Unlike Brian Rowan I never actually met P O’Neill. He got to know five of them during his time as the BBC’s Northern Ireland security correspondent, maybe pre-arranged at a café in West Belfast or somewhere down the country. I was never invited to the table. The statements I received were usually read out over the office or home telephone. I just had to have a pen and paper handy, a good shorthand note (120 wpm), and even though the caller with the familiar accent was always somewhere this side of the border, he always ended the conversation with the reminder: “Make sure you say this was issued in Dublin.”
So I have a fair idea how Rowan must have felt when he found himself called upon to make editorial judgement calls coming off the back of his meetings. He operated at the cutting edge of our business when Northern Ireland seemed to be without political hope and sliding inexorably towards a level of community conflict not seen since the outbreak of the troubles.
It was a tough, demanding job which drained him, and eventually left him, in his own words, a physical and mental wreck.
He walked away from Broadcasting House in 2005, and although he wasn’t the first BBC journalist from here to quit on his seat – a colleague declared he had enough in the aftermath of the 1987 Enniskillen Poppy Day bombing – Rowan wanted to regain some degree of normality in his life.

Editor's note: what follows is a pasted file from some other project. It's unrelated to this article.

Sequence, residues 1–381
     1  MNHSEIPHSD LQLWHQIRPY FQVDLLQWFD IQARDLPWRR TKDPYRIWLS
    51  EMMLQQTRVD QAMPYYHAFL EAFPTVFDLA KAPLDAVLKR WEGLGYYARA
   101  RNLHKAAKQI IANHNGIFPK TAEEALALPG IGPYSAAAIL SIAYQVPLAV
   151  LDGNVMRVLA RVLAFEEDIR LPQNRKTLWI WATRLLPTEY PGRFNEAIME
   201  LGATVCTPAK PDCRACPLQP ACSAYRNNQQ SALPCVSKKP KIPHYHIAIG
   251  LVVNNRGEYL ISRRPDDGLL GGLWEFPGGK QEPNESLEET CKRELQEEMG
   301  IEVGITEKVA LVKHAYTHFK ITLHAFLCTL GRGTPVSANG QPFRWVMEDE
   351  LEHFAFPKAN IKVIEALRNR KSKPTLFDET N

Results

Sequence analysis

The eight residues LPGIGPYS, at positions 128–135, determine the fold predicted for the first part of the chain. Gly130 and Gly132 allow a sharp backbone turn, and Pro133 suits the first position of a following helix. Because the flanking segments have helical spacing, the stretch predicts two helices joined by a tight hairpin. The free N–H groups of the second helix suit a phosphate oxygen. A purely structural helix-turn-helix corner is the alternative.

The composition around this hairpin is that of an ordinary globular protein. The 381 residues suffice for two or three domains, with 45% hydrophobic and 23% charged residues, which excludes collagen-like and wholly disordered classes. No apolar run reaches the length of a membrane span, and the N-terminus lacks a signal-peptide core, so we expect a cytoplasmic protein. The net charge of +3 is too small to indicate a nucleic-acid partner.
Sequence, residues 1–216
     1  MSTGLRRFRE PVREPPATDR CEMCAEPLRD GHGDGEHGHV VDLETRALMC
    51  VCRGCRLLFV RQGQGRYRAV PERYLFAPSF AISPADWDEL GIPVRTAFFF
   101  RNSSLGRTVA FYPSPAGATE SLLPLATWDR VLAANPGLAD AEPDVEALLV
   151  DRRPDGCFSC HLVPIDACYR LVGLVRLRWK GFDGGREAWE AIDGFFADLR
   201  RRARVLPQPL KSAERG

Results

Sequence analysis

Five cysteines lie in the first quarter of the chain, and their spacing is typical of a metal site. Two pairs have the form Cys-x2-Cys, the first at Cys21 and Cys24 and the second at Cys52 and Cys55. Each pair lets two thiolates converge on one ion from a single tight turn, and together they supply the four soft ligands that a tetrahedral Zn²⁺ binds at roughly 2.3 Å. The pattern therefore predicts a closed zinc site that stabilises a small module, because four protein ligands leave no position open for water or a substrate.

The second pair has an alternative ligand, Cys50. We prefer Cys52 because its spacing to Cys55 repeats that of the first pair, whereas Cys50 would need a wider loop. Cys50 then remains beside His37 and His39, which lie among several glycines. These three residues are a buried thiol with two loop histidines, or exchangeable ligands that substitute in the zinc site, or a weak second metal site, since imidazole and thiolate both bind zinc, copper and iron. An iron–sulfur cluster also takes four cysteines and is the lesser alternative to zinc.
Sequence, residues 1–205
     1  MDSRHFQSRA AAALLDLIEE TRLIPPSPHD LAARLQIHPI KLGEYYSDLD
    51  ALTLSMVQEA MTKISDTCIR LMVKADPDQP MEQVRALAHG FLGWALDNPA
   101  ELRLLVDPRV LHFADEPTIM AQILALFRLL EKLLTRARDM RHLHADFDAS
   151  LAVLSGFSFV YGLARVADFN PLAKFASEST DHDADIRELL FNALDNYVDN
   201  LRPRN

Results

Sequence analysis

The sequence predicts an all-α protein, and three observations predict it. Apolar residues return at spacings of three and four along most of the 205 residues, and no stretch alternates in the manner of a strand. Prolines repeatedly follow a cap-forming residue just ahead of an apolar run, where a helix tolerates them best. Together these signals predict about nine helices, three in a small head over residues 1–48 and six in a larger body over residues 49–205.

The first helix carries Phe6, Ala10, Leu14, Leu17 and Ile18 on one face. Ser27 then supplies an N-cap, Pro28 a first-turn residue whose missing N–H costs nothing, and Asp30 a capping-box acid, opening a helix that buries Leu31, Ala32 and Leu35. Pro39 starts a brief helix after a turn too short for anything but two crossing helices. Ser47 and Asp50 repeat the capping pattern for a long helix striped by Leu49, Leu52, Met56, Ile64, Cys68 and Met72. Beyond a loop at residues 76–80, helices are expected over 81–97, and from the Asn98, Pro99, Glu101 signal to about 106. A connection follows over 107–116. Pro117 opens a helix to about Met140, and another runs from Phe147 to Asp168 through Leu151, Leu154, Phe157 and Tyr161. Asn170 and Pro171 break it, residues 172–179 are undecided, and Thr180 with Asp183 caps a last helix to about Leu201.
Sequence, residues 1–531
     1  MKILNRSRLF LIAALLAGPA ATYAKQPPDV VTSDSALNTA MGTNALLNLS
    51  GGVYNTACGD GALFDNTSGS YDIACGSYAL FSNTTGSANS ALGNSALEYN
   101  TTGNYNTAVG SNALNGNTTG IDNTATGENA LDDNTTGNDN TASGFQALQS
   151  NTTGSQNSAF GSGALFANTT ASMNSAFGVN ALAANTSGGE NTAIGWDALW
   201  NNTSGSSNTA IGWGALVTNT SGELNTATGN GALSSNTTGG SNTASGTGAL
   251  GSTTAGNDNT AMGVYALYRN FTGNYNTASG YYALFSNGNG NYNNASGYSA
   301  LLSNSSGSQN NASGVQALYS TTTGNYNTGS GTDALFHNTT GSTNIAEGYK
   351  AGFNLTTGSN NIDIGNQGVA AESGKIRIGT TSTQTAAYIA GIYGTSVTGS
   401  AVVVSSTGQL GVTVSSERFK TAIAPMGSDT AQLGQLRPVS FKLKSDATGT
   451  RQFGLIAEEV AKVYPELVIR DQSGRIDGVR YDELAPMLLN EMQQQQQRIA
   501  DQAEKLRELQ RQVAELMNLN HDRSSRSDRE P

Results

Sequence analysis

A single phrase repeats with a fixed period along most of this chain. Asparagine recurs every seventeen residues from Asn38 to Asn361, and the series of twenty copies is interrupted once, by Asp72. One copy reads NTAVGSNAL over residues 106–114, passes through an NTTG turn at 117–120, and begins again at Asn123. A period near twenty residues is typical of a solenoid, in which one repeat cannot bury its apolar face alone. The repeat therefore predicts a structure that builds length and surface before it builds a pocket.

He thought long and hard before deciding to write this book but it gives a remarkable insight into the pressures he faced from all sides in Northern Ireland and the toll it took on his personal wellbeing.
He thrived on the adrenalin rushes, especially around the time of the 1994 IRA and loyalist paramilitary ceasefires, the Good Friday Agreement and the decommissioning process. He had a contacts book which gave him direct lines of communication with the police, military and senior government officials, and few journalists, if any, had access to the UDA and UVF like he did.